Punjab govt approaches apex court against LHC's order to release Saad Rizvi

Published October 11, 2021
Tehreek-i-Labbaik Pakistan chief Saad Hussain Rizvi waves to supporters as he is taken away after a court hearing. — Twitter/File
Tehreek-i-Labbaik Pakistan chief Saad Hussain Rizvi waves to supporters as he is taken away after a court hearing. — Twitter/File

The Punjab government approached the Supreme Court on Monday, challenging the Lahore High Court’s (LHC) order declaring the detention of TLP chief Saad Hussain Rizvi (TLP), illegal.

The LHC had on Oct 1 declared illegal the detention of Rizvi in response to a plea filed by Rizvi's uncle against his continued incarceration. Subsequently, the Lahore deputy commissioner had also issued orders for Rizvi's release, citing the LHC judgement. The orders have, however, yet to be complied with and Rizvi is still in custody.

In addition, the DC's order had referred to two earlier decisions taken by the federal review board of the Supreme Court (SC) with regards to Rizvi's detention.

On July 2, a review board of the LHC had rejected the Punjab Home Department's request to extend Rizvi's detention under the Maintenance of Public Order (MPO) Ordinance, 1960. It had released its detailed order in the case on July 8, observing that Rizvi should be "released forthwith" if he was not required in any other case.

Subsequently, Rizvi's uncle had filed a petition calling for the annulment of his “illegal detention” and claiming that there was no proof on record against him.

Rizvi's detention was supposed to end on July 10 in light of the review board's decision. However, the deputy commissioner of Lahore issued a fresh notification under Section 11-EEE (Powers to arrest and detain suspected persons) of the Anti-Terrorism Act 1997 and detained Rizvi for 90 days.

Hussain subsequently filed another petition on Aug 2 with the LHC, claiming that the government had extended Rizvi's detention with "mala fide intention". The petitioner said the government had implicated Rizvi in 14 criminal cases after detaining him.

He asked the court to declare the act of the government illegal and order his nephew's release. The court had on Aug 17 sought replies from the authorities on the plea before declaring his detention illegal in a subsequent hearing at the start of this month.

Months-long detention

Rizvi was detained by police under the MPO ordinance on April 12 over charges that he had incited his followers to take the law into their hands as, according to him, the government had reneged on its promise to expel the French ambassador.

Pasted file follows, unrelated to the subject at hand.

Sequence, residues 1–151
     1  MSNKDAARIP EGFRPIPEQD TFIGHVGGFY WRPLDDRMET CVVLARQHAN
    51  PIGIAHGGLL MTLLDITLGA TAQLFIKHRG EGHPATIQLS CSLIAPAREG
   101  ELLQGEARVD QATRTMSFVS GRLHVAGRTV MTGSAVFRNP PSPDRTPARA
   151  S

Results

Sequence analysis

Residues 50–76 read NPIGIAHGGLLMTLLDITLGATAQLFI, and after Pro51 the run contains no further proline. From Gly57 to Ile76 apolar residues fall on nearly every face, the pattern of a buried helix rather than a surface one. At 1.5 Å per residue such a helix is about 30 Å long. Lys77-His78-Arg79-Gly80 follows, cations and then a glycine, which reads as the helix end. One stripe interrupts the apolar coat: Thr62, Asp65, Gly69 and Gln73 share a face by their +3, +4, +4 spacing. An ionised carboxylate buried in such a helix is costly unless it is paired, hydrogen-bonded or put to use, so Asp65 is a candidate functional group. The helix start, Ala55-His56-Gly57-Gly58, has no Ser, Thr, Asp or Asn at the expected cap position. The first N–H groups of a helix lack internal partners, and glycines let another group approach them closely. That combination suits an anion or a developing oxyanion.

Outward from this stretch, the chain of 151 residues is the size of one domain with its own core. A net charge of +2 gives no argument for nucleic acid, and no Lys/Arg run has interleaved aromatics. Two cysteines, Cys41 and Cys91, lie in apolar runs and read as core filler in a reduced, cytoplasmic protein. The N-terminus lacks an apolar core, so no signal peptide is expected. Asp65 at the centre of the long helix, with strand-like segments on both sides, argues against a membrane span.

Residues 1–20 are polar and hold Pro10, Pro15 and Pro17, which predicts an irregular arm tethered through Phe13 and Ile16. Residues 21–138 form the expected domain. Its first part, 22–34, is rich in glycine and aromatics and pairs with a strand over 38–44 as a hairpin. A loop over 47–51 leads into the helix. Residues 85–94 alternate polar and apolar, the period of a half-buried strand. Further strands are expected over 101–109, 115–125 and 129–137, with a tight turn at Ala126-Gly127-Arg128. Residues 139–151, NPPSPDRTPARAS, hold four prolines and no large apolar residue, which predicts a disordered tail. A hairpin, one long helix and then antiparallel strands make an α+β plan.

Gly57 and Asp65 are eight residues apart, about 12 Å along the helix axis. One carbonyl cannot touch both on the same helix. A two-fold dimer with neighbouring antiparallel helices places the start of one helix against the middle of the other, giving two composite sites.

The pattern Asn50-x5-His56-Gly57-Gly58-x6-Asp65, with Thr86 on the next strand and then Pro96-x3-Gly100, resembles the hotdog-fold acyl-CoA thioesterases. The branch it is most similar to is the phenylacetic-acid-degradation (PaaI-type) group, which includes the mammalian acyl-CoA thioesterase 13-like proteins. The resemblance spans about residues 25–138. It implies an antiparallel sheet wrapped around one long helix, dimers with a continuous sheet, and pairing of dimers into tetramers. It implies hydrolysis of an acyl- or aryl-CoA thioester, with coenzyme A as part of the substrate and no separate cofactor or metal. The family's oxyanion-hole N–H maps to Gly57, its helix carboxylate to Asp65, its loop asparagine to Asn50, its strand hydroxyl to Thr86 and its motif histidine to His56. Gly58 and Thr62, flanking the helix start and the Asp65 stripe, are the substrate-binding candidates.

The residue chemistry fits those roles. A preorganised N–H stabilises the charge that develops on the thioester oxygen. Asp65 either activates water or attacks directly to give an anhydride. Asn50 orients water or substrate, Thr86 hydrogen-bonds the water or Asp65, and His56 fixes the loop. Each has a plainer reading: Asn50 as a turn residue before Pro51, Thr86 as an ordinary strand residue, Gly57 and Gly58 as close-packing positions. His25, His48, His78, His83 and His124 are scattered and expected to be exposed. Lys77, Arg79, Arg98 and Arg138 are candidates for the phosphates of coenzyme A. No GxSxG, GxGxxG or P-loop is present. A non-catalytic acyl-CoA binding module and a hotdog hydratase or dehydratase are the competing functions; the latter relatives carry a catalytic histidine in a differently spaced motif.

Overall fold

The party had been pressing the government for the expulsion of the French envoy to Pakistan ever since blasphemous caricatures of Prophet Muhammad (PBUH) were published in France and their publication was supported by the French president.

Challenging the LHC decision in the apex court today, the Punjab government argued in its petition that legal requirements were not met in the LHC's direction, paving the way for the TLP chief's release.

The provincial government has made Rizvi's uncle a respondent in the petition.

The plea said there were reports by intelligence agencies that Rizvi's continued detention was necessary to prevent workers of the proscribed organisation to create a law and order situation.

"There is credible information that hardliners within TLP are planning to stage sabotage activities as they are waiting for the release of detenue," the petition added.

The provincial government urged the top court to set aside the Oct 1 order of the LHC and let authorities continue the detention of the TLP chief.

The court fixed October 12 (tomorrow) for hearing the petition.

Rizvi's arrest and TLP protests

In November 2020, an agreement was reached between the TLP and the government — after the party held protests in the capital led by its then chief and Saad's father, Khadim Rizvi — to involve the parliament in order to decide the matter of the French ambassador's expulsion in three months.

As the February 16 deadline neared, the government had expressed its inability to implement the agreement and had sought more time. The TLP had then agreed to delay its protest by two-and-a-half months to April 20.

A week before the deadline, Rizvi, in a video message, had asked TLP workers to be ready to launch a long march if the government failed to meet the deadline. The move had prompted the government to arrest him on April 12.

Police had swooped in on Rizvi at around 2pm on Wahdat Road in Lahore where he had gone to attend a funeral. Outraged, the TLP had issued a call for countrywide protests.

The next day, police registered a first information report against the TLP chief under sections of the Anti-Terrorism Act. Within the next few hours, protesters took to the streets in Lahore and blocked the Grand Trunk Road at a number of points.

The government had subsequently banned the TLP following the violent protests and sit-ins it staged across the country.

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